That, dear readers, is a coffee cup which (thanks to the little spinner thing in the bottom driven by a motor and a couple batteries in the base) actually stirs your coffee for you at the push of a button. Yes, you heard that right. And if you order today, you get a second Ronco Self-Stirring Mug FREE! Just send $19.95 plus shipping and handling to...
Sorry, got off track there. I'm happy to say that we did not actually PURCHASE this device for the test kitchen -- dear spouse/Genius of All Things Graphically Designed got it as work-schwag. And while I'm usually a sucker for all things gadget-y and coffee-related, this one leaves me as cold as an iced latte. Here's why:
- Was stirring a cup of coffee that big of a challenge in the first place? I mean, stick something in the cup (spoon, stick, pinky) and swirl it around. Task accomplished.
- In exchange for the magic of self-stirring, I get one more thing in my house that needs batteries. Awesome.
- Thanks to the batteries and the motor, this thing has to be hand-washed, which -- if the other hand-wash-only items in the test kitchen are any indication -- means it will get used once and sit dirty in the sink for several weeks until someone gets annoyed enough to wash it.
The two people who come here for bike-related ranting have probably dozed off by now, but I do actually have a bikey point to make with all this. I see this slightly-silly coffee indulgence device as a metaphor for some of the more annoying tendencies of the bike business these days. The cheap and easy target, of course, is electronic shifting (which I have never used, but hey, when has that stopped me from spouting off?)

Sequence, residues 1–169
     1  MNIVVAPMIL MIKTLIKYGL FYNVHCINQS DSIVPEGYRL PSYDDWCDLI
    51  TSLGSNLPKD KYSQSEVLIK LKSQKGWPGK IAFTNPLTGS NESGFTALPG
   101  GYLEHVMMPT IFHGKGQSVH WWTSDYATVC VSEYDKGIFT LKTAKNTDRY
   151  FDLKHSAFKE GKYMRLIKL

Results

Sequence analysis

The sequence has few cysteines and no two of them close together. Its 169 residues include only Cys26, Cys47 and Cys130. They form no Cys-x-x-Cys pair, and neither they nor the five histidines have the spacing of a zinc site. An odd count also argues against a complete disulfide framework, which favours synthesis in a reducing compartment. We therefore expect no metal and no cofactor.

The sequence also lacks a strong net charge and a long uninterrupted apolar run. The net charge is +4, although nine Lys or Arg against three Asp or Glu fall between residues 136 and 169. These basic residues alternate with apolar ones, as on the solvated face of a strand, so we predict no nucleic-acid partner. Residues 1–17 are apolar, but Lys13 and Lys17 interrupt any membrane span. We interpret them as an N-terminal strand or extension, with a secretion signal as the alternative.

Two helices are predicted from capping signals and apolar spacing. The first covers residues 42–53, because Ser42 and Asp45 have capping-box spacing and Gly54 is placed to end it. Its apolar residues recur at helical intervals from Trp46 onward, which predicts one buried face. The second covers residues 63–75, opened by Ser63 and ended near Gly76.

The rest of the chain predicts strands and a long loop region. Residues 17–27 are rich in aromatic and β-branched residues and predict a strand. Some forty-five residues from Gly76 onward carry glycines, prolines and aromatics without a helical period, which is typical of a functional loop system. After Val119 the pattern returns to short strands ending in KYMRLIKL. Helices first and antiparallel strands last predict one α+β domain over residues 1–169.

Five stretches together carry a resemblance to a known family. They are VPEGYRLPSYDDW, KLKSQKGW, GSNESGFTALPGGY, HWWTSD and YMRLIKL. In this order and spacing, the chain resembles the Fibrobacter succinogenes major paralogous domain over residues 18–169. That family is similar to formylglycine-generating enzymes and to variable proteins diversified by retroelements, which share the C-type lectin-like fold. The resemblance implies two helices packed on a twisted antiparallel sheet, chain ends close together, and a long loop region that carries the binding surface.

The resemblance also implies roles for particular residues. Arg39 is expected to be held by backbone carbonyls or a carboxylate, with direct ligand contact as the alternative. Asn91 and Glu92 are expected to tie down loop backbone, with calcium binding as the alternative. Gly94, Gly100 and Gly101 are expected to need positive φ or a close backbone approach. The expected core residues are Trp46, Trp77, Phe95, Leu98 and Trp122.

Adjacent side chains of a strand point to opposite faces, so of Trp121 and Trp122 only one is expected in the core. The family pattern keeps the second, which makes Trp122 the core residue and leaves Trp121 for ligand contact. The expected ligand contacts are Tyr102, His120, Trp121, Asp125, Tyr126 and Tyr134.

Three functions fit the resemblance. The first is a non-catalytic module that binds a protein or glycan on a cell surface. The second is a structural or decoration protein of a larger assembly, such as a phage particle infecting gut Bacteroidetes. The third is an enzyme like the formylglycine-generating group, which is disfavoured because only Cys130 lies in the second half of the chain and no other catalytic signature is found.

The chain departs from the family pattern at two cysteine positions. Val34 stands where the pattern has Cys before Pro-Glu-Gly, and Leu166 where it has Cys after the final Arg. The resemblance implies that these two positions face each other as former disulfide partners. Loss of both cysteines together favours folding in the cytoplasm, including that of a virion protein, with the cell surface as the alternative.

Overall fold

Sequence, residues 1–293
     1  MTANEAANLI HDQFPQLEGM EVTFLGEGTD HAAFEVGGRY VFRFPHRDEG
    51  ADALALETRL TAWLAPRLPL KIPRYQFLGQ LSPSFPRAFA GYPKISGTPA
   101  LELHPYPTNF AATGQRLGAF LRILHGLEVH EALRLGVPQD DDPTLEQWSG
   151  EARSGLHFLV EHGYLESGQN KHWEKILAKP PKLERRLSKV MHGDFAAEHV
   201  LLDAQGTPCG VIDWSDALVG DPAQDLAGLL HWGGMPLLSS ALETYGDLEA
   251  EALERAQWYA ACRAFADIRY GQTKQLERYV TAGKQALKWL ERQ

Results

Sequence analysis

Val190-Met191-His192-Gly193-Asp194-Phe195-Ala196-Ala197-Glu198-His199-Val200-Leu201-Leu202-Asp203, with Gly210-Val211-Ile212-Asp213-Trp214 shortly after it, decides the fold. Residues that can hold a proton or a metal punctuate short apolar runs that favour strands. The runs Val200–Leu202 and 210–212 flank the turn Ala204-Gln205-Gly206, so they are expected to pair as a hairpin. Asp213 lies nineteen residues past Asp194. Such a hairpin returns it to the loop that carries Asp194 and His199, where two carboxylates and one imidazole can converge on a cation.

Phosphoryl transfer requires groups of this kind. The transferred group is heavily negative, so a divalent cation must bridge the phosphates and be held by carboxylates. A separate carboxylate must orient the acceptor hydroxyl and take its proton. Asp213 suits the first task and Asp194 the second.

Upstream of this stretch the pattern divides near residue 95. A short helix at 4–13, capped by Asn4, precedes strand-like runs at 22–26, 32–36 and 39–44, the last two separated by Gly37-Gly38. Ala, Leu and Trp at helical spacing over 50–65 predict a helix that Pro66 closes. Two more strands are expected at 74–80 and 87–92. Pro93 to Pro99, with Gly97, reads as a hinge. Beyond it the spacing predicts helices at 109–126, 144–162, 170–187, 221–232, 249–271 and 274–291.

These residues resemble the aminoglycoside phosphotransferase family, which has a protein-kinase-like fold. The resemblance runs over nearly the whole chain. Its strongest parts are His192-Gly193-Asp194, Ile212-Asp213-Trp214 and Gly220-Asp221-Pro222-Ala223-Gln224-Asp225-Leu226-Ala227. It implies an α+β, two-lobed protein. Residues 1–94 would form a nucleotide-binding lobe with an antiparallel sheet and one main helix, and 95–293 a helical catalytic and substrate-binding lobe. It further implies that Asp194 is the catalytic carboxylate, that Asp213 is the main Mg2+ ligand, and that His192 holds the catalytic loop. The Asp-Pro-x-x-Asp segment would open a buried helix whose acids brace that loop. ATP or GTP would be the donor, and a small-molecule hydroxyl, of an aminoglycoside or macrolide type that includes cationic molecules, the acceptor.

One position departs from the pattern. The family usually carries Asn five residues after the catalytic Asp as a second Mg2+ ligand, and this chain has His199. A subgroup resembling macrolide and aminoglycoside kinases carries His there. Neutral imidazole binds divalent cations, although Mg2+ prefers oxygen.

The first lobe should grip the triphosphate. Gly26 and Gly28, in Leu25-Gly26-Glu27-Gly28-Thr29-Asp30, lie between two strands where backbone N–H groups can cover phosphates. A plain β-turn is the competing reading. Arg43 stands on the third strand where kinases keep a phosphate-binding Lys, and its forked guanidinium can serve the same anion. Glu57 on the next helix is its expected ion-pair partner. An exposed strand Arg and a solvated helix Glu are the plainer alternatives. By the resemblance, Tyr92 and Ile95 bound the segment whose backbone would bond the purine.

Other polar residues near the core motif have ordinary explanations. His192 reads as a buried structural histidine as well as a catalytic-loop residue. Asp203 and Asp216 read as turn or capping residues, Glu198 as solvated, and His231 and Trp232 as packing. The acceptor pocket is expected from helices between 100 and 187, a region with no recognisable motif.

The supposed perks of electronic shifting include:
- No more cables to stretch, break, or get gunked up.
- Improved ergonomics, since you can stick a shift button just about anywhere.
- Quicker and easier shifts since the button is easier to reach and doesn't require you to push against the derailleur springs.
- Uh, what else? Anybody?
To the first point -- I'll grant that the mechanical cable system has its drawbacks. Still, a good cable will work through all its stretch in the first few shifts. Tweak that once with the barrel adjuster and you're good for years. The ergonomic possibilities are interesting, only insofar as they would address my clamp diameter rant. Quicker shifting? Red herring. Your fancy electronic system still has to move a mechanical derailleur that has to move a chain across cogs, so how much quicker can it be? And when I'm too tired to push a mechanical shifter with my finger, well, it's time for me to pull over and take a nap.
In exchange for these snazzy features, you get the added complexity of an electrical system overlaid on the mechanical one... and if electrical systems were 100% foolproof, pal Steve K. would be out of a job. Plus, just like the coffee cup, you get one more thing in your house that needs a battery, and one more battery that can fail on you, leaving you with either a) unstirred coffee, or b) a singlespeed-by-default. If my coffee cup fails, I can stick my finger in there and get the job done. Not so sure with an electronic shifter.
I'm not so Luddite as to suggest that all advances in shifting technology are stupid and -- like stirring coffee -- you can get by with your finger or a stick (I'll leave finger/stick shifting to Grant Petersen). I like indexing, for example. And cogs/chains shaped to help shifts. But at what point does a convenience become an inconvenience? When does the system get too complex for its own good? If my mechanical shifter fails, I can get it going again with some basic knowledge and a couple cheap parts. If my electronic shifter failed, it would probably languish in the garage for a few weeks (like a hand-wash coffee cup) until I got annoyed and took it to a factory-trained technician. And where's the enjoyment in that?